Data which enable auditing, therefore, appear to reassure that things are being done correctly, but ‘the audit society is the anxious society’, according to Power7. Power argues that the system is set up so that the only way to deal with this anxiety is in the further commissioning of more auditing. Audit for audit’s sake does not improve things, but ‘audit success or failure is never a public fact’ and the ‘criteria of success are withdrawn from public discourse’8. Think of the recent rise in well-being at work surveys that you may have seen discussed on social media or which sit unanswered in our inboxes. At the time of writing this book, there was not much discussion of how the data these surveys generated had done anything to improve well-being, yet there was much discussion on Twitter (in my bubble, at least) of how they exacerbate ill-being. They can make us feel watched and give us additional administrative tasks in the service of an employer who is compelled to audit well-being.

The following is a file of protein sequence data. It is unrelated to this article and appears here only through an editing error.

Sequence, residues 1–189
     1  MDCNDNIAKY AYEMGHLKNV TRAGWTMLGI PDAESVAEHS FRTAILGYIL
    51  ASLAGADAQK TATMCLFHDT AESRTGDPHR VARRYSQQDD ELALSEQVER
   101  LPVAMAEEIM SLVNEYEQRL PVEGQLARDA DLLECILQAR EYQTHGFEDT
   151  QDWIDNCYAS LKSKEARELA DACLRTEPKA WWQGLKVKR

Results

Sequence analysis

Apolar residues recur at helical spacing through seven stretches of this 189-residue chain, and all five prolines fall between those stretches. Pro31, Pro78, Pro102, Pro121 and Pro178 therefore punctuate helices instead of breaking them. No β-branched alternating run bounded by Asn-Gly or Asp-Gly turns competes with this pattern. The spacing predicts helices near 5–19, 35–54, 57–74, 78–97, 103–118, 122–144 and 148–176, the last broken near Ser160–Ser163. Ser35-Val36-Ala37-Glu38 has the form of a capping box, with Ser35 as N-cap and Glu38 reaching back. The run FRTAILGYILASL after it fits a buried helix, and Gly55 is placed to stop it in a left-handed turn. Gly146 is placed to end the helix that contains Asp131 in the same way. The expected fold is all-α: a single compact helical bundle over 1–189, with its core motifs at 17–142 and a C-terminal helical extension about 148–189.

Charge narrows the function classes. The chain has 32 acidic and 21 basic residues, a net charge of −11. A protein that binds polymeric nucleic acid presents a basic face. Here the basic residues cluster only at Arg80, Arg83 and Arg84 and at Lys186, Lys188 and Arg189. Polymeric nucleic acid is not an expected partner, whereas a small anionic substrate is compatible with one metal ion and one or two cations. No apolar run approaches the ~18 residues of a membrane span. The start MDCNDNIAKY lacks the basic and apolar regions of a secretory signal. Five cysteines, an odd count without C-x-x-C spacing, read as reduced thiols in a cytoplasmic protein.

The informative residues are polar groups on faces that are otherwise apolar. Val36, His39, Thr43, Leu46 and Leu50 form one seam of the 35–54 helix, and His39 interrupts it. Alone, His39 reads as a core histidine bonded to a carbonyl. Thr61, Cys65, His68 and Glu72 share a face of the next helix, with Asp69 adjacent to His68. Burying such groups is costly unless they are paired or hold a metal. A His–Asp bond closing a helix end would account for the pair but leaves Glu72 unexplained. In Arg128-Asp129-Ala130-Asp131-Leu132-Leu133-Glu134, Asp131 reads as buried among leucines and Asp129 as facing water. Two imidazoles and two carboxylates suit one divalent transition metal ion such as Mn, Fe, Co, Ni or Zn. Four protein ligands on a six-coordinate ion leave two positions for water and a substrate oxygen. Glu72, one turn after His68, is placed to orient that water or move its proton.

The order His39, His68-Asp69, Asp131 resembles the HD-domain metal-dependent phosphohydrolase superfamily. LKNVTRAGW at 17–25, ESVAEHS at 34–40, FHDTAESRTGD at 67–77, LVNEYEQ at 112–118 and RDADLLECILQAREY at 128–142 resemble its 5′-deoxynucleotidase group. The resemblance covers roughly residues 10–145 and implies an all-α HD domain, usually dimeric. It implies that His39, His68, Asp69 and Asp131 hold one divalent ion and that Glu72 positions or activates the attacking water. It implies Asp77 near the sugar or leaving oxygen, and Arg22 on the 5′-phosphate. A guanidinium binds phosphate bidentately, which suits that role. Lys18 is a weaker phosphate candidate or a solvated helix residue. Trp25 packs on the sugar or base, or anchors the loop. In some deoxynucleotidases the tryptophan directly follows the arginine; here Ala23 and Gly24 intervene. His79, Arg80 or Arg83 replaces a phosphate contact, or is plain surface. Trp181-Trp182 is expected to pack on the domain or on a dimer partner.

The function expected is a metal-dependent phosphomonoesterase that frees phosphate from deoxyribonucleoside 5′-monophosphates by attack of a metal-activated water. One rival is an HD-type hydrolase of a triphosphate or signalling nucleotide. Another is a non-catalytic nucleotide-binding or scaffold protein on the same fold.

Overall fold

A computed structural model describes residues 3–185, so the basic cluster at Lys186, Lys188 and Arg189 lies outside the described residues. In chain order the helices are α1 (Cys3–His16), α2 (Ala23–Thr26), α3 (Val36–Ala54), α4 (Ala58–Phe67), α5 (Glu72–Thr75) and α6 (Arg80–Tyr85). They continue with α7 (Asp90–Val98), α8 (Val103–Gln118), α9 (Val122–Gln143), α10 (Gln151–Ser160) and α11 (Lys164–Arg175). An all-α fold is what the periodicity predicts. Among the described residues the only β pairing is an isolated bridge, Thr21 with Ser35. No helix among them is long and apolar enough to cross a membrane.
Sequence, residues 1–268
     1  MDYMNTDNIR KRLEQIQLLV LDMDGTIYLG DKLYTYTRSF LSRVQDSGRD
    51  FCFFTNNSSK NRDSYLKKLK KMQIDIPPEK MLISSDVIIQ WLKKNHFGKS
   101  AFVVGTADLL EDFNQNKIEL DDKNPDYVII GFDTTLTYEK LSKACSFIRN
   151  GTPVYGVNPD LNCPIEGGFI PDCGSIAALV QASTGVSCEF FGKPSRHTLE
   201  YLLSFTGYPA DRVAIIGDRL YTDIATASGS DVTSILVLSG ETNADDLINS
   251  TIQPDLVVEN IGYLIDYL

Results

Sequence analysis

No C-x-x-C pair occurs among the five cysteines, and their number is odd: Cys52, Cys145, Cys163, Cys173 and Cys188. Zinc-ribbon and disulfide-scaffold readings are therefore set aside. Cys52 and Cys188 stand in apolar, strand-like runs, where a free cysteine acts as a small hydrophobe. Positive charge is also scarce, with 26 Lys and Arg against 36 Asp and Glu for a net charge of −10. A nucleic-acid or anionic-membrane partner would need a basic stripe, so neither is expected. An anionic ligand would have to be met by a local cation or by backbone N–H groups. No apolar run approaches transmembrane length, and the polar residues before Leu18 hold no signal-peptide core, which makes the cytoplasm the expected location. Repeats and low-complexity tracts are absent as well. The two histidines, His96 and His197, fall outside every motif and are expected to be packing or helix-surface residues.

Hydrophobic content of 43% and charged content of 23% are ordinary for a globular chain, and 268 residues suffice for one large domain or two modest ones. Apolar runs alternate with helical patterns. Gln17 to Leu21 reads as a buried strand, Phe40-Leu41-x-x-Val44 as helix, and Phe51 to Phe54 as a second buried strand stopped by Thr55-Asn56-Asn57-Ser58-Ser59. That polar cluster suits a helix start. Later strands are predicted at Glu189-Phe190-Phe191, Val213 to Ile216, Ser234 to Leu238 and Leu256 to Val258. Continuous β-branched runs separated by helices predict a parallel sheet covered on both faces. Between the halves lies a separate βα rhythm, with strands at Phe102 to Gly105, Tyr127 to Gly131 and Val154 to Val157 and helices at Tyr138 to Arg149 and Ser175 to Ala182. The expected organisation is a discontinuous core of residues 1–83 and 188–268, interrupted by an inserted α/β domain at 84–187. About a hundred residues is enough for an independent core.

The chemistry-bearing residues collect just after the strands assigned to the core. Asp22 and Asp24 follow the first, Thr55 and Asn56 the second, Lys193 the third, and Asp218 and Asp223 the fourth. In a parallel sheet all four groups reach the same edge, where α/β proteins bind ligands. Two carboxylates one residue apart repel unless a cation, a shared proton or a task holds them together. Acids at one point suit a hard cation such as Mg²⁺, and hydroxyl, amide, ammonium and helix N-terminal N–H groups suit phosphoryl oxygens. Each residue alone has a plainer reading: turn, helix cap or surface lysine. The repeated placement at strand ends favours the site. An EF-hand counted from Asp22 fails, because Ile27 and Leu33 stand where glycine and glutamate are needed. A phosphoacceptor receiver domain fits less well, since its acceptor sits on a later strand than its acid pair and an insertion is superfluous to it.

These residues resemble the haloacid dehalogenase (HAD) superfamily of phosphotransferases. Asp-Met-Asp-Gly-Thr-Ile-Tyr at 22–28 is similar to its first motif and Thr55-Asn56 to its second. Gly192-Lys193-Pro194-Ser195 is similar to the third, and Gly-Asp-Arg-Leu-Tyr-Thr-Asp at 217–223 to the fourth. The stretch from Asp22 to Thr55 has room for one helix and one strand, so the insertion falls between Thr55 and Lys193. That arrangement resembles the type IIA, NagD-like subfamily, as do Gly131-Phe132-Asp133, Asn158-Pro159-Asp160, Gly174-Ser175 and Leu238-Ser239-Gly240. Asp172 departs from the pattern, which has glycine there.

Consequently, the logic of NPM and its use of data to audit how policy decisions have performed (or how successful they were at achieving their aims efficiently) has trickled into all kinds of management and sizes of company. As we have recently seen, it has also trickled into apps and watches that help us manage ourselves and our own efficiency (which we discuss in greater detail in Chap. 5). The processes of ‘audit culture’ were initially argued to make policy-making more transparent to ‘the public’, but how data are used to make decisions, or monitor the effectiveness of such decisions, is not made clear. Arguably, this has resulted in the mechanisms of policy—and the accountability of politicians, civil servants and their decisions—becoming even more obscure to the general public.